Tag Archives: worship

What Part of the Gospel is Optional?

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Read the bible like you listen to a symphony.

Watch NT Wright talk about how to read the Bible. Great Video.

The Whole Sweep Of Scripture from The Work Of The People on Vimeo.

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Beautiful postmodern traditional church design

I came across this church and had to share…

 

The Maxim Velcovsky along with designer Jakub Berdych under from Qubus Studio redesigned the interior of St. Bartholomew’s church in Eastern Bohemia.

 

I know looks aren’t everything… but this is amazing!

 

I’ve always been torn between old traditional church building adorned with stain glass windows and stonewalls, and the postmodern interior design. This is a perfect blend of the two. You feel the connection with tradition, however it’s reimaged and connects speaks to the future. Moreover, it feels deeply spiritual. The chairs look like saints or angels on bended knee, yet with the four chairs in the front the idea of authority is not centralized in one place or figure. There is instead a panel or counsel leading in front of the community. And without a pulpit the leader is venerable and open to the people. Overall, the design is deeply authentic and welcoming.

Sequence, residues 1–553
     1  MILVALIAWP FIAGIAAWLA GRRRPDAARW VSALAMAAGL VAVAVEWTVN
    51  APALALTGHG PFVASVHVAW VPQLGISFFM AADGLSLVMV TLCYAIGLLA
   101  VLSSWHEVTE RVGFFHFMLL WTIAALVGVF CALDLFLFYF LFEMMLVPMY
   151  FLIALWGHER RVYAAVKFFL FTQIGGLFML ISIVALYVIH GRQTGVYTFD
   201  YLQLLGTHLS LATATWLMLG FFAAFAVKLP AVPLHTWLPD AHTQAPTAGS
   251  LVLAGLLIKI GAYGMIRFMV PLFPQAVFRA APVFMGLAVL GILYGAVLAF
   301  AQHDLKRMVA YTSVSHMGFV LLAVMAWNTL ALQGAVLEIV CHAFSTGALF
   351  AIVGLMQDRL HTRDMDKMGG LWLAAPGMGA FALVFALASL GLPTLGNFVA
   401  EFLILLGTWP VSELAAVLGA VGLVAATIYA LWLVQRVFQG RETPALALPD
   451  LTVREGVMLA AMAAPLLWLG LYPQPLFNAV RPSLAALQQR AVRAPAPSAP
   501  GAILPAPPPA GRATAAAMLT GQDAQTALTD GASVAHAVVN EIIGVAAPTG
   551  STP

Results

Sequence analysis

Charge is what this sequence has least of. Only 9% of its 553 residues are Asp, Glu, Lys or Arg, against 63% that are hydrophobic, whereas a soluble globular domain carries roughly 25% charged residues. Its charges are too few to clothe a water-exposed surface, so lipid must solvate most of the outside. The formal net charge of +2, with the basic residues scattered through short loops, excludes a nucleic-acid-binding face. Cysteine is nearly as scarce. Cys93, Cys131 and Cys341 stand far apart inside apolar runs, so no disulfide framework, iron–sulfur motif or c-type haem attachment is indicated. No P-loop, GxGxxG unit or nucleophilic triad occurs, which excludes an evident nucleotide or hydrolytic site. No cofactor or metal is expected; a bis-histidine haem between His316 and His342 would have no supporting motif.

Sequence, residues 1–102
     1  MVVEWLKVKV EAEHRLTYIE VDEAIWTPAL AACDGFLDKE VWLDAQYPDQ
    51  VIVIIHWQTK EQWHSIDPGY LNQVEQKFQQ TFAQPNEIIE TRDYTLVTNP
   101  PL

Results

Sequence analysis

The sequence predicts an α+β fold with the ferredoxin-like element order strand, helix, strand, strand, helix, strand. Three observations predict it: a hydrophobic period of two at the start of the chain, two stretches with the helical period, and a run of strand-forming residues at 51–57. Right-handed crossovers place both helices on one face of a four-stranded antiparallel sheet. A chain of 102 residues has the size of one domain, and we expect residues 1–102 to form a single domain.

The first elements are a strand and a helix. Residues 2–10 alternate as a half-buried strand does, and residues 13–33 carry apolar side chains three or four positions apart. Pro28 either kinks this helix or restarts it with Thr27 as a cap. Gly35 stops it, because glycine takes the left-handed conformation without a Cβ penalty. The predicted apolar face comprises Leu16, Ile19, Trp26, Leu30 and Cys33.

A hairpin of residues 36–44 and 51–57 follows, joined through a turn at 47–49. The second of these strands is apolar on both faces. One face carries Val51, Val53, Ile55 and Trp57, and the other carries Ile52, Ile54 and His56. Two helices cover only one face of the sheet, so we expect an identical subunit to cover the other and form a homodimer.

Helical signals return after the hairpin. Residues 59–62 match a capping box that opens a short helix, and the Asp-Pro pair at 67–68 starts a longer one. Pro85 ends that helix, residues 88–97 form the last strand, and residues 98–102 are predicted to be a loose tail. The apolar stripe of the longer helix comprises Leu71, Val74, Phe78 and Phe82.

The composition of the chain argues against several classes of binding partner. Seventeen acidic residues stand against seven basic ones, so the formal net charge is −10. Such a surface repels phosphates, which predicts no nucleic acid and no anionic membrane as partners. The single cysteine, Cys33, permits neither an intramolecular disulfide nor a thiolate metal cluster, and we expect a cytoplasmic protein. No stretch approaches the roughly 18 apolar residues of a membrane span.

For more about this church or its designers check out this link or search St. Bartholomew’s from Qubus Studio.

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Worship is a gift

Worship is a gift, not that we give but that we are allowed to give.

Worship is hindered by sin one has committed toward other people. When one worships while in sin their worship is reduced to vanity and is offensive to God.

True worship is the highest expression on man. It is a reversal of the great command and the second which is like it, to love the Lord you’re God, and love your neighbor, because we first have to love our neighbor before we can approach God and display our love to him in worship.

Furthermore, Jesus said he would receive our love and acceptance of him based on how we loved and acceptance the least of our brethren. So if one does not love his neighbor why would they want to worship God the maker of man?

Worship has been reduced to an individual expression. It has become something one does before God, instead of something that one does before God and man. Worship has been reduced to praise rather that a holistic expression of a life before God. What I mean is that one can sing praise songs for 30min on a Sunday without respect for their actions during the week and consider it worship.